# Highly Sensitive Capacitive Pressure Sensors

```Joe Ridgeway
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Relevant Capacitor Equations
Current Capacitive Pressure Sensors
Initial Proposed Sensor Concept
 Theory
 Results
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Revised Sensor
 Results
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Conclusion
Plate Area (A)
Deriving Capacitance Equation [7]
Dielectric
thickness (d)
d
d
0
0
V   Edz  
Plate Area (A)
Figure 1: Parallel Plate Capacitor
C is Capacitance
Q is Charge
Q QA A
V is Voltage
C 

(2)
V Qd
d
ε is Permittivity of the Dielectric
D is Separation Distance
A is Plate Area

d Qd
dz 



A
V is Voltage
E is the Electric Field
ε is Permittivity of the Dielectric
ρ is the Charge Density
Q is the Charge
A is Plate Area
d is Separation Distance
(1)
Low Temperature Hysteresis
Low Pressure Hysteresis
Low Power Consumption
Poor Resolution
Figure 2: Typical Capacitive Pressure Sensor [4]
A golf ball striking steel at 150 mph [5]
Figure 4: Components of Sensor
Figure 3: Diagram of Proposed Pressure Sensor [2]
Input(Pressure) -&gt; Displacement -&gt; Radius -&gt; Wetting Area -&gt; Output(Capacitance)
Figure 6: Simplified Diagram of Mercury
Figure 5: Pressure vs Displacement for Test Diaphragm
Pint  Patm 
2
R
(3)
Pint is Internal Pressure
Patm is Atmospheric Pressure
γ is Surface Tension (Mercury – 487 dyn/cm)
Relating Applied Pressure to
Change in Internal Pressure
P  Pint  Pint 0
(4)
Replacing Pint with (3)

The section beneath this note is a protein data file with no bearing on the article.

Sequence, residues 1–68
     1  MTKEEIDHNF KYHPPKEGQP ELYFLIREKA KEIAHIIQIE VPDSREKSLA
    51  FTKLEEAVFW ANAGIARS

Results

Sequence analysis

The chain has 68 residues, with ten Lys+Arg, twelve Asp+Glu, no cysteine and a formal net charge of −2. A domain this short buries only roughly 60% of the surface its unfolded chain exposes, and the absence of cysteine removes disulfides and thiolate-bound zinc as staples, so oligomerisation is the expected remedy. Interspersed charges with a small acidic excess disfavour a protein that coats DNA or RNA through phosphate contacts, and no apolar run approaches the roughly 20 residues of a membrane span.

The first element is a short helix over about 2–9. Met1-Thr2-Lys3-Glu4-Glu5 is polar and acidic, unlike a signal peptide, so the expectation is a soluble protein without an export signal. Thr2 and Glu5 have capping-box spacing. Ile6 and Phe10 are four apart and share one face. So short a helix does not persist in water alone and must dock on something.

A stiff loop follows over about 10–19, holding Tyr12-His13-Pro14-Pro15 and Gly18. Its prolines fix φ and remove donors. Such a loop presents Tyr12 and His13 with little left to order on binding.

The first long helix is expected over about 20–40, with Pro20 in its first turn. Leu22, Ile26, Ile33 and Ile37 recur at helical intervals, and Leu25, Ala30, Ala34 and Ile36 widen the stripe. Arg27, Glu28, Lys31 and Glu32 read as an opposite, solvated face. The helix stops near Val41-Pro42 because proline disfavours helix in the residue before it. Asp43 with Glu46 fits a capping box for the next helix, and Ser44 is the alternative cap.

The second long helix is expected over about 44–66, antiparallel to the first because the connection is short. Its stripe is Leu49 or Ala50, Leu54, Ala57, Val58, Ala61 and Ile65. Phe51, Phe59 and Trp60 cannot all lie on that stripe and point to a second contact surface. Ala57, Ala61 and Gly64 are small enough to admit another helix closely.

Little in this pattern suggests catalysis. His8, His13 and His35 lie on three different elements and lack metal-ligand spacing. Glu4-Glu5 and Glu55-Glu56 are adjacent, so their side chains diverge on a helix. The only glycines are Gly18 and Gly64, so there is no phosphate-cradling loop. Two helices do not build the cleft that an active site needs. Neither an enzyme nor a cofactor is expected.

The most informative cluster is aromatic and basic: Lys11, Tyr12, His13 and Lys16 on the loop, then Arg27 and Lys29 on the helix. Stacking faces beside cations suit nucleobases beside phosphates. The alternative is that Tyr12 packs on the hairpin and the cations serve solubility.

P  Patm 
1 1 
2 
2 
  Patm    2    (5)
R 
R0 
 R R0 
Input(Pressure) -&gt; Displacement -&gt; Radius -&gt; Wetting Area -&gt; Output(Capacitance)
Parallel Plate Capacitor Equation
Wetting Area Equation [2]
  R
2R  
A

 R
3R 4 
 16

2
3
0
A is Wetting Area
R is Radius of Deformed Mercury
R0 is Initial Radius of Mercury
2
C is Capacitance
ε is Permittivity of the Dielectric
A is Plate Area
d is Separation Distance
Low Pressures: Excellent Agreement
High Pressures(7-10kPa): up to a 7% difference
Dynamic Range: 2500pF
High Sensitivity: 250pF/kPa
Figure 7: Sensor Capacitance vs Pressure
Significant Differences:
Dielectric Thickness: 2mm to 1μm
Constant: 1,200 to 12,000
Mercury –
Drops: 2 to 1
Drop Diameter: 5mm to 3mm
Figure 8: Revised Pressure Sensor Diagram
Figure 9: Revised Pressure Sensor Physical Assembly
Low Pressures: Excellent Agreement
Revised Sensor:
High Dynamic Range!: 6μF
High Sensitivity: 2.24 μF/kPa
First Sensor:
Dynamic Range: 2500pF
High Sensitivity: 250pF/kPa
Figure 10: Capacitance vs Pressure
Equation for Thermal Expansion of Mercury
A
 3T
A
A is the Original Wetting Area
ΔA is the Change in Wetting Area
λ is the Expansion Coefficient (Mercury – 9.1x10-5&deg;C-1)
ΔT is the Change in Temperature
Figure 11: Error in Pressure from +10&deg;C to +40&deg;C
Figure 12: Temperature Hysteresis at 3kPa
Figure 13: Pressure Hysteresis at -10&deg;C
Maximum error &lt; &plusmn;0.05%
Max ~50ms
Significantly Less as Pressure Increases
Figure 14: Recovery Time vs Applied Pressure
Table 1: Comparison of New Sensor to Existing Pressure Sensors
Dynamic Range: ~6&micro;F
Figure 15: Diagram of Inductive Pressure Sensor [8]
Figure 16: Components of Inductive Sensor
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[1] Bakhoum, E.G.; Cheng, M.H.M.; , &quot;Novel Capacitive Pressure Sensor,&quot; Microelectromechanical
Systems, Journal of , vol.19, no.3, pp.443-450, June 2010
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[2] Bakhoum, E.G.; Cheng, M.H.M.; , &quot;Capacitive Pressure Sensor With Very Large Dynamic Range,&quot;
Components and Packaging Technologies, IEEE Transactions on , vol.33, no.1, pp.79-83, March 2010
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[3] W.H. Hayt and J.A. Buck, Engineering Electromagnetics. New York: McGraw-Hill, 2006.
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[4] http://www.instrumentationguide.com/utilities/pressfund/press_sen_tech1.htm
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